56. The Court has found that there was a valid agreement for sale between the Plaintiff and the Defendant. The whole of the Plaintiff’s case was that the agreement was a forgery. It follows then that the Plaintiff has not proved its case on balance of probabilities as required in law. Furthermore if the occupation adverse to the Plaintiff is to be taken from 1999 when the agreement become void as found earlier, then the Plaintiff suit for eviction filed in 2019 is clearly time barred by virtue Section 7 of the Limitation of Action Act.
57. The Plaintiff has vided paragraph 4 of his plaint pleaded occupation by the Defendant as from 8/4/2005 and the suit was filed in 2019. Even if the Court was to find this as the date of occupation, which the Court does not, the suit was still clearly statute barred and the Plaintiff’s claim does not succeed and the Plaintiff does not deserve the orders sought in the plaint.
Does the Defendant deserve the orders sought in the counterclaim?
58. The Defendant in the suit who is the Plaintiff in the counterclaim for the substantive order that: -
a) the honourable Court be pleased to order that the Plaintiff’s now Defendant in the counterclaim title to Nandi/Baraton/1158 has been extinguished by the doctrine of adverse possession or prescriptive rights or constructive trust due to open occupation of the Defendant now Plaintiff in the Counterclaim and issue an order to compel the transfer of Nandi/Baraton/1156 the Defendant now Plaintiffs within 30 days from the date of judgement in default thereto, the Executive Officer of Kapsabet Chief Magistrates Court be authorized and ordered to execute the transfer document’s.
59. The Court has found that the Plaintiff in the counterclaim acquired purchaser’s interest and that time running for purposes of adverse possession started after the Agreement for sale became unenforceable that was after 6 years in 1999.
60. Submissions have been made on the joinder of the 2nd Plaintiff in the counterclaim to this suit, Mr. Tallam learned counsel for the Plaintiff submits that the 2nd Plaintiff in the counterclaim has not shown any interest in the suit property so as to be joined. Mr. Rotich learned Counsel has not submitted on the same.
Joinder of parties to a counterclaim is governed under order 7 Rule 8 of the Civil Procedure Rules. The same makes provisions for joinder of a party who is not in the original suit to be joined in a counterclaim.
Accordingly the joinder of the 2nd Plaintiff in the counterclaim was procedural and proper.
61. Although, Mr. Tallam learned Counsel for the Plaintiff, did not submit on whether a claim of adverse possession can be filed as a counterclaim, Mr. Rotich learned counsel for the Defendant/Plaintiffs in the counterclaim did submit on it, and cited the decision in Chevron (k) Limited Vs. Harrison Charo Washulu 2016 eKLR where the Court of Appeal held:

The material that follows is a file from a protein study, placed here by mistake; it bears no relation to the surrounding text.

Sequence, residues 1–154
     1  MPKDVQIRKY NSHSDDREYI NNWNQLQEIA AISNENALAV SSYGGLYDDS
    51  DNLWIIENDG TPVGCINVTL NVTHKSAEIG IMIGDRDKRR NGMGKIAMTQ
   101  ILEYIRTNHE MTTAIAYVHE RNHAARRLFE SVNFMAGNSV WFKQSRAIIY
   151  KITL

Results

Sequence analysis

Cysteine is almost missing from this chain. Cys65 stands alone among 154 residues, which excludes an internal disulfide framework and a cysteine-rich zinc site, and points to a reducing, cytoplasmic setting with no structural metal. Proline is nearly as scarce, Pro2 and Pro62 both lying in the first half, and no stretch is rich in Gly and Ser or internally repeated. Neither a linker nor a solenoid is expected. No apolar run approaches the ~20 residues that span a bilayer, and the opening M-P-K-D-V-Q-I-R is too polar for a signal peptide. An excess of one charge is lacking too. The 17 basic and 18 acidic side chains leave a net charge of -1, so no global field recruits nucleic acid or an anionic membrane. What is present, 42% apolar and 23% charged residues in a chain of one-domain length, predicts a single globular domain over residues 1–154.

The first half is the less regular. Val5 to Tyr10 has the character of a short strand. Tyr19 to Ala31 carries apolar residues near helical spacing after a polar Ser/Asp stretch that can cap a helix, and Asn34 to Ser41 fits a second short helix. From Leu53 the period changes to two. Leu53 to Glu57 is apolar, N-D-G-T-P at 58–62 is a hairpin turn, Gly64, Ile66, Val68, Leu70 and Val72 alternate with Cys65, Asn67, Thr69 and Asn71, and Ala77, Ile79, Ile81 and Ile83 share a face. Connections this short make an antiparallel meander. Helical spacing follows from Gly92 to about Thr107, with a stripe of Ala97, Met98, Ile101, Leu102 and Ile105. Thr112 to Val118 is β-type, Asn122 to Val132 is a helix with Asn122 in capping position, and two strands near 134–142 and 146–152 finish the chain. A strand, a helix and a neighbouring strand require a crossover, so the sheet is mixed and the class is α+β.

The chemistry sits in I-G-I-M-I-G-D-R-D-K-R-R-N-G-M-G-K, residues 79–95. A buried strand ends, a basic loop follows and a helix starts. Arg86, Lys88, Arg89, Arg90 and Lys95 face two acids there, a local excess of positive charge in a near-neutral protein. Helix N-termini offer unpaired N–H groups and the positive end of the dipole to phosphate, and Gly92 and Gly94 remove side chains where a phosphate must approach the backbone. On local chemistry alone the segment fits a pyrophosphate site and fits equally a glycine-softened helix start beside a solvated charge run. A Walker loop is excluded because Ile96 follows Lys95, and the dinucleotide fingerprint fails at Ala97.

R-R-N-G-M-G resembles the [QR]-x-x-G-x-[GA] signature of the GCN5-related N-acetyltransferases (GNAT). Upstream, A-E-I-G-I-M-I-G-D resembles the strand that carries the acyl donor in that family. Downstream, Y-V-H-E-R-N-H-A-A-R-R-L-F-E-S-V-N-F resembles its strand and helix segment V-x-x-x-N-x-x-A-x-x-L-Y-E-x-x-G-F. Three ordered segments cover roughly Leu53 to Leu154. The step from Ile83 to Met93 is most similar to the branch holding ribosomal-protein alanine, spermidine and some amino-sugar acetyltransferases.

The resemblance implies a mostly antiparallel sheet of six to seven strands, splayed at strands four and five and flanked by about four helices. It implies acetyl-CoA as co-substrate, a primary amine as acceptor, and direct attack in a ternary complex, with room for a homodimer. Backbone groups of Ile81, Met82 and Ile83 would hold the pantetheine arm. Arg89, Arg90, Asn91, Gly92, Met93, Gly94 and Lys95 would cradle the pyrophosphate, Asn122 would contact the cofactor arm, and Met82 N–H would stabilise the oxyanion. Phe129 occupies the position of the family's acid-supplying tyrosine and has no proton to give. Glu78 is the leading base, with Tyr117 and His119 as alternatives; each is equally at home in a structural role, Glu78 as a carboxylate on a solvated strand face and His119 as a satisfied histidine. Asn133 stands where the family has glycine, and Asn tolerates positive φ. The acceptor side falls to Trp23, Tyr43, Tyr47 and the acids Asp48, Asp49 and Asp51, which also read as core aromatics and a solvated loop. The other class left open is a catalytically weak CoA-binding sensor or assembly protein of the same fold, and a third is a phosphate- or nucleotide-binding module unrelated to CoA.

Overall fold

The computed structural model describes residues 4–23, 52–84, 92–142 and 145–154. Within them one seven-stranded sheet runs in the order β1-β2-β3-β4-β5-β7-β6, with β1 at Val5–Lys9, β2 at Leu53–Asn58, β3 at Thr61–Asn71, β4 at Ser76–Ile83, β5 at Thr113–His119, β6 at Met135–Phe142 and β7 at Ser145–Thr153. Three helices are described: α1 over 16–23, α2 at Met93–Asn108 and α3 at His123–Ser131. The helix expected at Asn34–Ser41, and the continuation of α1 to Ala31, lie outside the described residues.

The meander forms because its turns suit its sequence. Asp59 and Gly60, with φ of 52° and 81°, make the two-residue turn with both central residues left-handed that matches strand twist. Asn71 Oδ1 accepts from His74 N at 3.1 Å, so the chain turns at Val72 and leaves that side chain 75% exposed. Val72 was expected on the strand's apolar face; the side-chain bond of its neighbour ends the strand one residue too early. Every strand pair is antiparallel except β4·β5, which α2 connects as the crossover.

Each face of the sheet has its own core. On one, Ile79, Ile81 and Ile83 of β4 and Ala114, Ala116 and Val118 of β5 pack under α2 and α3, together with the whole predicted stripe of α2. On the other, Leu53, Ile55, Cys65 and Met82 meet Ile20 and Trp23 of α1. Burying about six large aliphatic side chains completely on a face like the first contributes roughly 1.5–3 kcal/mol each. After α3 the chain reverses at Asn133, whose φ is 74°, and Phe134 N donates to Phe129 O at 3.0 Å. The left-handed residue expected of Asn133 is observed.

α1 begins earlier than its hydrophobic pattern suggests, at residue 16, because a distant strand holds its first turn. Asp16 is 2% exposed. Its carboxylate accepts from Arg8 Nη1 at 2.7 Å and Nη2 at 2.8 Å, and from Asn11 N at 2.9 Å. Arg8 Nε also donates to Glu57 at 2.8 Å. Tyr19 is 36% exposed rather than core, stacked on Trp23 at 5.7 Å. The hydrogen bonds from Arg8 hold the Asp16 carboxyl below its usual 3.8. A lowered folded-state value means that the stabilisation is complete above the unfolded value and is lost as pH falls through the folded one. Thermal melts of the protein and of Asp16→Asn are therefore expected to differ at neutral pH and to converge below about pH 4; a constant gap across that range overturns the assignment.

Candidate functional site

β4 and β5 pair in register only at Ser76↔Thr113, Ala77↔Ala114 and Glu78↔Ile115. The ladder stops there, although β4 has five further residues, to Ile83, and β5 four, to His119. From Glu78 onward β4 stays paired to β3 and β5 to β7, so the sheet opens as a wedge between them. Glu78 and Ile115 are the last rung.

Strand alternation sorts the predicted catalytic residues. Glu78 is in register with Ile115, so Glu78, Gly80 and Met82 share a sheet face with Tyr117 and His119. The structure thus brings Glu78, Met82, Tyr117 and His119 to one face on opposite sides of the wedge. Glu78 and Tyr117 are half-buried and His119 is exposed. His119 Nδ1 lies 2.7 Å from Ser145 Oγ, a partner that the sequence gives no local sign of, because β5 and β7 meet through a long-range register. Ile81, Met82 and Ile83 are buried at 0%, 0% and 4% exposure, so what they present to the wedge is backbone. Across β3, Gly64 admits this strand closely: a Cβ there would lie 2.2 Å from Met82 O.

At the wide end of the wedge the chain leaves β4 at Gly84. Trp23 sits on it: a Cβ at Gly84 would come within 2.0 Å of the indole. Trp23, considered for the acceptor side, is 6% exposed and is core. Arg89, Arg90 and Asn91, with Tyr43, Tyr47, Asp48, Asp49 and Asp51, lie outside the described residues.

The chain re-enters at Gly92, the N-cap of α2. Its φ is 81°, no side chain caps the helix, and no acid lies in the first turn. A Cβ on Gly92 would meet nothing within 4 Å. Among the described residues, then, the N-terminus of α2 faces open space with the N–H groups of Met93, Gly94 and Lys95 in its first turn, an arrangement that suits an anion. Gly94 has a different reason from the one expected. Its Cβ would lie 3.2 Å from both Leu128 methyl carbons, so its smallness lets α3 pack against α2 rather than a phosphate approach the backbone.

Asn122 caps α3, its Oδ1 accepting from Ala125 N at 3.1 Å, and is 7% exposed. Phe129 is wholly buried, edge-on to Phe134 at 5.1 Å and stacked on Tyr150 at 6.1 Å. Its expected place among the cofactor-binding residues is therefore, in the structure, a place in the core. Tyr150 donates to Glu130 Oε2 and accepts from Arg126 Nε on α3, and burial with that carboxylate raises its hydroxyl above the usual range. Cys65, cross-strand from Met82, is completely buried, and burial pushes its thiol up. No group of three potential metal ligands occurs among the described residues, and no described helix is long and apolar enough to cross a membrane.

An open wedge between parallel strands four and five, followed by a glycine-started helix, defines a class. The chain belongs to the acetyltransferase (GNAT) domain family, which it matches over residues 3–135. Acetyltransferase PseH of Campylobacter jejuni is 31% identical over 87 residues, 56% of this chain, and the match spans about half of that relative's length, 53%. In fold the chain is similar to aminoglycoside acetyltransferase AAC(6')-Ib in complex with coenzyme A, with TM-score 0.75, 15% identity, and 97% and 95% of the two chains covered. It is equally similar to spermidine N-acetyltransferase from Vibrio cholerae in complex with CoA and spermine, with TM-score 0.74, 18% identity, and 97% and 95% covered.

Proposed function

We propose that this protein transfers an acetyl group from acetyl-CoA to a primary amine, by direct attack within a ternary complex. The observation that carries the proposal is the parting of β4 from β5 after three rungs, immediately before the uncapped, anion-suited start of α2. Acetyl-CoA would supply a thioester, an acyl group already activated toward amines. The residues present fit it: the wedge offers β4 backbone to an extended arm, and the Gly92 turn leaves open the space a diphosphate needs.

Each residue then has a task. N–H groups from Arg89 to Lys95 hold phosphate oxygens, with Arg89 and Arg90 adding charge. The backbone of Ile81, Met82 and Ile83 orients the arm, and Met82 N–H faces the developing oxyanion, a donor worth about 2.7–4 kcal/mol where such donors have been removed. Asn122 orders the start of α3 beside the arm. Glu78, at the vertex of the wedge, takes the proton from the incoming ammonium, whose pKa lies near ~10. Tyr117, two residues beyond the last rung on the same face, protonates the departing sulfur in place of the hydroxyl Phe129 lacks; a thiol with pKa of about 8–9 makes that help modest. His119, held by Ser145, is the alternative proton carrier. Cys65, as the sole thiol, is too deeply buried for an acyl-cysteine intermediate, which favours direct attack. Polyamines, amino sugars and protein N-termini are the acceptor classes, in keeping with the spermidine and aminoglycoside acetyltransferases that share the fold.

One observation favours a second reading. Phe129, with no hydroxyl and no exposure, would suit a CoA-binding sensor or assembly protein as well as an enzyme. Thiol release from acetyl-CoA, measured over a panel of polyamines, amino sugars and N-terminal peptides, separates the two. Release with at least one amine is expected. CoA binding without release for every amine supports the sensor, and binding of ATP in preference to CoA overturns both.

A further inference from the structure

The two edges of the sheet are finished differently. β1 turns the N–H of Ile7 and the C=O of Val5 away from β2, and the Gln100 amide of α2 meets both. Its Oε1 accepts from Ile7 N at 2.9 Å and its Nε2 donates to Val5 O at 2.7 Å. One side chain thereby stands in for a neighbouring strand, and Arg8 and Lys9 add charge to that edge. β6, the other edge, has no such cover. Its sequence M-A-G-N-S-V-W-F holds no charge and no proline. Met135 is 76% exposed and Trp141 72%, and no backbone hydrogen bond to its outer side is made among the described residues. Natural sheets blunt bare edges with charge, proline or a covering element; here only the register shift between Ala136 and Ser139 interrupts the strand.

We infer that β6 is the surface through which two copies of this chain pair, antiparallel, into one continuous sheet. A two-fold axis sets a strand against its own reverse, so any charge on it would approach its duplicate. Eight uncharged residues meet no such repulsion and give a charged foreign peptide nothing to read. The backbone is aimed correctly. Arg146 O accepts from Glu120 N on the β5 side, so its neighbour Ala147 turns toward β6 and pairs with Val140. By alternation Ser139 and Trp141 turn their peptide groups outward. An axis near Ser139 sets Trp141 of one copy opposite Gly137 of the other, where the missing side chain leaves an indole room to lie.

‘The Courts have since this decision, held that a claim by adverse possession can be brought by a plaint (see Mariba vs Mariba Civil Appeal No. 188/2082 Counterclaim or defence as was the case here. See wabala vs Okumu 1997 LLR609 (AK) IN Gulam Mariam Noordin vs Julius Charo Karisa Civil Appeal No. 26 of 2015, where the claim was raised in the defence, this Court in rejecting the objection to the procedure, stated as followed;
“where a party like the Respondent in this appeal is sued for vacant possession, he can raise a defence of statute of Limitation by filing a defence or a defence and counterclaim. It is only when the party applies to be registered as the proprietors of land by adverse possession that order 37 Rule 7 requires such a claim to be brought by Originating Summons. It has also been held that the procedure of Originating Summons is not suitable for resolving complex and contentious of fact and law. Be that as it may, and to answer the questions, whether it was erroneous to sanction a claim of adverse possession only pleaded in the defence, we refer to the case of Wabala vs, Okumu (1997 LLR 609 (AK) which like this appeal the claim for adverse possession was in the form of a defence in an action for eviction. The Court of Appeal in upholding the claim did not fault the procedure. Similarly in Bayete Company Limited Vs. Kosgey (1988) LLR 813, where the Plaint made no specific plea of adverse possession the plea was nonetheless granted…..”
62. The Plaintiffs in the counterclaim have proven their case, that they have occupied the suit property from 1993 initially pursuant to purchaser’s interest and from 1999 as adverse possessors and are therefore entitled to the orders sought.
63. Accordingly the Plaintiff’s suit is hereby dismissed and judgement is entered for the Defendant/Plaintiffs in the counterclaim in the following terms;-
a) That the Plaintiff as the proprietor of Title Nandi/Baraton/1158 is holding the same in trust to the Defendants/Plaintiffs in the counterclaim and his right proprietarily interest and rights in Nandi/Baraton/1158 are extinguished under Section 17 of the Limitation of Actions Act and the title is the name of the plaintiff Mr. Kiptum Kosgey is hereby cancelled.
b) The Land Registrar Nandi County to rectify the register accordingly and register Samson Kiplagat Mursoy and Jane Chemutai Mursoy as the new proprietors of Nandi/Baraton/1158.
c) The Plaintiff to bear the costs of the original suit and the costs of counterclaim.
DATED AT KAPSABET THIS 28TH DAY OF FEBRUARY, 2022
HON. MICHAEL N. MWANYALE,
IN THE PRESENCE OF
MR. TALLAM FOR THE DEFENDANT
MR. ROTICH FOR THE PLAINTIFF